Doha 2024: From funding axe to a return to the world stage for Great Britain (part one)

Credit to: European Aquatics

In the first of a two-part series, European Aquatics turns the spotlight on the Great Britain’s senior women’s water polo team who are riding the crest of a wave ahead of the 2024 World Championships in Doha.

Read part two here.

After a run of remarkable results at the recent European Championships, Great Britain will be appearing on the global stage for the first time since 2013.

“I always knew how much potential these players have,” said head coach Nick Buller, who steered his team to seventh in Eindhoven following dramatic wins against Israel and Croatia in the knockout stages.
  
“I took over the squad in 2019 after previously working with the under-17s and under-19s, so I was aware of how much talent there is and I’ve always believed in this team.

“Our aim was to finish in the top 12 in Europe this year, so we’re already ahead of schedule, as we’re now preparing for the Worlds.

“We’re definitely punching above our weight, but the players deserve their place in Doha and also the 2026 European Championships in Belgrade.

“I’m proud of them all, as this is only really the start for this group and they’ve achieved so much in such a small period of time.

“I’m now excited to see what else we can achieve together, especially with the right backing and support.”

Credit to: European Aquatics

Arriving in the Netherlands at the start of January, the odds were very much against Great Britain breaking into the top eight, let alone the top seven.

In 2014, all funding for the squad was axed and the £4.5million earmarked to support their pursuit of playing at the Rio and Tokyo Olympics vanished overnight.

It was a real hammer blow for the players, who were pretty much banished into the international wilderness, but hope for a brighter future firmly remained within the country’s passionate water polo community.

“It was always going to be a big build, as we lost everything in 2014, but with the players we had, we knew there was a chance we could still do something special,” said Buller, who took the reins during a very turbulent period.

Shortly after taking the head coach role, the COVID pandemic hit, wiping out all the plans for 2020, and entry into the 2021 World University Games also vanished, along with hopes of hosting a Commonwealth tournament.  

In March 2021, however, there was some better news, as UK Sport awarded water polo £375,000, which made Buller’s plan for a return to competitive international action a little smoother.

“To start with, we obviously knew we needed games, we needed experience, and we wanted to find some challenging competition,” Buller told European Aquatics.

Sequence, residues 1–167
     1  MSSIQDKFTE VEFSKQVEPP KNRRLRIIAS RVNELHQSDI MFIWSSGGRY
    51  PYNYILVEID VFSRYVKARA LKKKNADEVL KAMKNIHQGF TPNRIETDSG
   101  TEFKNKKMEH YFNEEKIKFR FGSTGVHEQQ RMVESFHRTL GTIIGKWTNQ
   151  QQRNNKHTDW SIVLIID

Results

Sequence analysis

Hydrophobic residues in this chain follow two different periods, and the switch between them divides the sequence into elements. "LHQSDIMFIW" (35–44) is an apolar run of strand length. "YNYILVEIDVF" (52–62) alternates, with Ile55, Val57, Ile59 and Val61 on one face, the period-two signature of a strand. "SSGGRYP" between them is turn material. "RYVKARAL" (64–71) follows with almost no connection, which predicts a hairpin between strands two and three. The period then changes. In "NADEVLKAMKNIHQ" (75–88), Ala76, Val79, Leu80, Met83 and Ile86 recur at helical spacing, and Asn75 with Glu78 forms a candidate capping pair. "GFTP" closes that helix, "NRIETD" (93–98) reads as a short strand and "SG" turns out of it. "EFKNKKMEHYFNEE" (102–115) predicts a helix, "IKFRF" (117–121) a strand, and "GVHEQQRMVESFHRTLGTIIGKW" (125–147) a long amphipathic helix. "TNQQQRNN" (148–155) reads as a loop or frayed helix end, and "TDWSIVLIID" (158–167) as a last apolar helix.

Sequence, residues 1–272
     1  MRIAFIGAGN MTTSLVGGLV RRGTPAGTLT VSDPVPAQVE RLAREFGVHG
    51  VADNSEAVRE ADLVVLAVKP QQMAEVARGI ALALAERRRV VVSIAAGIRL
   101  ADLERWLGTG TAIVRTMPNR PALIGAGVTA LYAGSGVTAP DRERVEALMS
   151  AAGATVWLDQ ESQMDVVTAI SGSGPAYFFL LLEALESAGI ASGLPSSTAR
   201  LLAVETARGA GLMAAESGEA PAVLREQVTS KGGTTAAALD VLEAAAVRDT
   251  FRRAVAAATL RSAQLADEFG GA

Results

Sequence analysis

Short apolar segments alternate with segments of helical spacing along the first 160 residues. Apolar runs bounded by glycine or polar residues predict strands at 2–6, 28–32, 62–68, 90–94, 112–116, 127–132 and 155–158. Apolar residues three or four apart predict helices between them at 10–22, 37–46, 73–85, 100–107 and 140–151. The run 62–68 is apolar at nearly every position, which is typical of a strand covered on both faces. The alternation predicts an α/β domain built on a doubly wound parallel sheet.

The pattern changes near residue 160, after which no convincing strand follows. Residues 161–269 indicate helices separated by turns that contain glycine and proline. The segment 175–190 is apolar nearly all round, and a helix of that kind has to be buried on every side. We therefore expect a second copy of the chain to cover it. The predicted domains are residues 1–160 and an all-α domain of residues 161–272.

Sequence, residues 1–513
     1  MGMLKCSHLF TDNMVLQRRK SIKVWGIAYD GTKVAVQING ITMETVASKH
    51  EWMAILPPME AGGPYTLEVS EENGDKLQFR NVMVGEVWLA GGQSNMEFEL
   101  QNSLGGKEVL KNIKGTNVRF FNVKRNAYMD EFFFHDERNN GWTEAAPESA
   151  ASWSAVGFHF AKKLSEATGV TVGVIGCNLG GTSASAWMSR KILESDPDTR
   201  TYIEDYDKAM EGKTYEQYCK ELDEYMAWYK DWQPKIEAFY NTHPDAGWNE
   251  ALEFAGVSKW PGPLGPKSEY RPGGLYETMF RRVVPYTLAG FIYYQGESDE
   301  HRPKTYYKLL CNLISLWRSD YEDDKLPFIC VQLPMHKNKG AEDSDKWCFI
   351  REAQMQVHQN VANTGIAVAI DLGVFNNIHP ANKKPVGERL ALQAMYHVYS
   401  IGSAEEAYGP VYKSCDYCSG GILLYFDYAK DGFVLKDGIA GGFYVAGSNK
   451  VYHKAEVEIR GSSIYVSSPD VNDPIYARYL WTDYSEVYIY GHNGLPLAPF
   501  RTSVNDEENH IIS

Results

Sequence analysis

“We looked at what was available and chose the Danube League, which was four weekends of tournaments around Europe, played across several months.

“In that 21/22 season, we faced lots of different teams, from different countries, with all different styles of play, and that allowed us to build some momentum in those early years.

“It was the starting point of our journey, which we all felt, and we all knew the destination was the 2024 European Championships.”

Credit to: European Aquatics

With the limited funding, it was still a financial challenge to attend all the various tournaments and training camps, but belief really started to form when British Swimming confirmed in October 2022 that Great Britain would be entering the following year’s European Championships qualifiers.

“After a decade of not competing in the Europeans, that news was obviously fantastic,” recalled Buller.

“Before the qualifiers, we entered tournaments in Portugal, the World Cup, and the Danube Cup, where we faced nations like Germany, Serbia and Slovakia, so it gave us a real indication of where we were with our development.

“We won the Danube Cup, which boosted our confidence somewhat, and was the perfect preparation for the qualification tournament in Portugal, where we faced the hosts, Germany and Finland.

“At that moment, Germany had beaten us more often than we’d beaten them and I had great respect for Portugal, so I knew it was going to be difficult.”

Credit to: European Aquatics

After beating Germany 5-13 in their opening game, it put Great Britain in a strong position to qualify, and they achieved their goal of reaching the 2024 European Championships the following day thanks to a battling 12-14 win against the hosts.

It meant the objective first set out in 2019 had been met and justified all the hard work and sacrifices the squad and staff had made.

“Qualification for Eindhoven was a big moment, as to get back to the Europeans was our big goal, but we didn’t want to stop there,” said Buller.

“We wanted to get there and establish ourselves as a serious opposition, and to establish ourselves in Europe’s top competition once again.

“We entered another Danube Cup in Hungary just before Eindhoven and won that as well, so we’d started to develop a winning mentality and a momentum of success at that level.

“Those results gave us the confidence to believe we could achieve even more, so the way we looked at the European Championships was that the group stage was our fourth tournament and we would aim to build from there.”